Interview with Professor Xiaogang Wu, Editor of Sociology Compass

Interview with Professor Xiaogang Wu, Editor of Sociology Compass
Written by admin

Compass of Sociology is pleased to welcome Professor Xiaogang Wu, who co-chairs the Social Stratification Section with Dr. Zhuoni Zhang as Associate Editor. Xiaogang is a professor of sociology at New York University Shanghai. The Sociology Compass Associate Editor’s role is to lead the ordering of recent review articles by subject area. We took the opportunity to speak with Xiaogang about his research and the goals of the Social Stratification Section as he and Dr. Zhang join the Sociology Compass editorial team. An interview with Dr. Zhang can be found here.

Tell us about your scientific activities and how you came to study sociology?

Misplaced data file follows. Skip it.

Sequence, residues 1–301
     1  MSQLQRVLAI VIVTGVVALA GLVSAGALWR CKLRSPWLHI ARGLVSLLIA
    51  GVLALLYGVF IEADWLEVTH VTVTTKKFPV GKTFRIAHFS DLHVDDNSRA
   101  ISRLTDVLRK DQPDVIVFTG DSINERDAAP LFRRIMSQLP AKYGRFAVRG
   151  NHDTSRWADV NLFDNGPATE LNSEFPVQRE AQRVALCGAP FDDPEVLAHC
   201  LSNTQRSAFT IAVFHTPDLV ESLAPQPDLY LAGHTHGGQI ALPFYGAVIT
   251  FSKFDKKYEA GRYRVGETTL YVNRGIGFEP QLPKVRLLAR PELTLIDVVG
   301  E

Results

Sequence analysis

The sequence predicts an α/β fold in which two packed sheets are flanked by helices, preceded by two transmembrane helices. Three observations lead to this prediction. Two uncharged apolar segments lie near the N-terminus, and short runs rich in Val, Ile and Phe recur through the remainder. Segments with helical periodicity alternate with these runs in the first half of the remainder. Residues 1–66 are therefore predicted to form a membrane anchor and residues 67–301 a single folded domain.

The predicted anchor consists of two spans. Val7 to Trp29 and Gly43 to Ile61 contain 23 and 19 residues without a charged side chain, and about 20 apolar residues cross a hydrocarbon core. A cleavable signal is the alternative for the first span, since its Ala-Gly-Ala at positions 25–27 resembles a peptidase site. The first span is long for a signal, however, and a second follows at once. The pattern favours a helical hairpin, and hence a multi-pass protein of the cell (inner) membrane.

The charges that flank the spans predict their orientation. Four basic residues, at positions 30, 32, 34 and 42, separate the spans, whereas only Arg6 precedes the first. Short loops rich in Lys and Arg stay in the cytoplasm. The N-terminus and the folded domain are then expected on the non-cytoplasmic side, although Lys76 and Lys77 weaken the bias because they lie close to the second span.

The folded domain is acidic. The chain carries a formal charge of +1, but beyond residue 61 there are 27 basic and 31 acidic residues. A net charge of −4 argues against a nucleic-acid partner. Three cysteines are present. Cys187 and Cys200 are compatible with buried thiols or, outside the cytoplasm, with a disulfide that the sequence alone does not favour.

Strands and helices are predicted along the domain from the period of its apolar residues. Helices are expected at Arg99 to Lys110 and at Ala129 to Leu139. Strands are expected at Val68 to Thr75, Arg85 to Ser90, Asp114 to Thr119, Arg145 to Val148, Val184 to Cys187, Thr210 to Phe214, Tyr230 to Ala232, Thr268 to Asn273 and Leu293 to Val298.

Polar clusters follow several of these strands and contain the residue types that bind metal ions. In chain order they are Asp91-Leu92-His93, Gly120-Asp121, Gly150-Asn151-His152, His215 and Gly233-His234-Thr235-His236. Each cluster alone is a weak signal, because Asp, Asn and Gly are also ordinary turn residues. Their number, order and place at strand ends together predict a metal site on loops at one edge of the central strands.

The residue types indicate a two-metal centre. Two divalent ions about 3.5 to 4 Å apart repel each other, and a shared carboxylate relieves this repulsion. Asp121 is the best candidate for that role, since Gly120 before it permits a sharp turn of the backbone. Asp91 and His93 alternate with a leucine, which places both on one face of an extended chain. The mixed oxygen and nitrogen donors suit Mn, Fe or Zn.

I received my bachelor’s and master’s degrees in sociology from Renmin University in China and Peking University, respectively, and my PhD in sociology from the University of California, Los Angeles. Before moving to Hong Kong to join the faculty, I spent two years at the University of Michigan, Ann Arbor, as an Andrew Mellon postdoctoral fellow and lecturer in sociology. in 2020 I moved to NYU Shanghai in the fall after 17 years of teaching at the Hong Kong University of Science and Technology (HKUST). Early in my career, I studied the labor market process in a transition economy and the role of socialist institutions in stratification processes in China. I then expanded my research on social stratification and mobility to include educational inequality, and more recently to comparative research in Hong Kong and Shanghai.